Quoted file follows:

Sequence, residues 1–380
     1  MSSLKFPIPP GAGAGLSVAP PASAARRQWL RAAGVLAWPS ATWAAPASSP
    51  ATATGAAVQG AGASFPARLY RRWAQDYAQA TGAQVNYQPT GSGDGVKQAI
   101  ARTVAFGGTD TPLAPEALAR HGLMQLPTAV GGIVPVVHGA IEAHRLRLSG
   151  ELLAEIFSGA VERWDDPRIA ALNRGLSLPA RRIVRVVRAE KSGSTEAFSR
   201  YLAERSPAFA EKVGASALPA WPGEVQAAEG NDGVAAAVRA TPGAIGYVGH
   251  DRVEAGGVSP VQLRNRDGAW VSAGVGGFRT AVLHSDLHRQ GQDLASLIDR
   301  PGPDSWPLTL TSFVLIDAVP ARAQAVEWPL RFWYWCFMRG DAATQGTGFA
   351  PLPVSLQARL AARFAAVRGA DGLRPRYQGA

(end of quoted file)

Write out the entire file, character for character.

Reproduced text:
Sequence, residues 1–380
     1  MSSLKFPIPP GAGAGLSVAP PASAARRQWL RAAGVLAWPS ATWAAPASSP
    51  ATATGAAVQG AGASFPARLY RRWAQDYAQA TGAQVNYQPT GSGDGVKQAI
   101  ARTVAFGGTD TPLAPEALAR HGLMQLPTAV GGIVPVVHGA IEAHRLRLSG
   151  ELLAEIFSGA VERWDDPRIA ALNRGLSLPA RRIVRVVRAE KSGSTEAFSR
   201  YLAERSPAFA EKVGASALPA WPGEVQAAEG NDGVAAAVRA TPGAIGYVGH
   251  DRVEAGGVSP VQLRNRDGAW VSAGVGGFRT AVLHSDLHRQ GQDLASLIDR
   301  PGPDSWPLTL TSFVLIDAVP ARAQAVEWPL RFWYWCFMRG DAATQGTGFA
   351  PLPVSLQARL AARFAAVRGA DGLRPRYQGA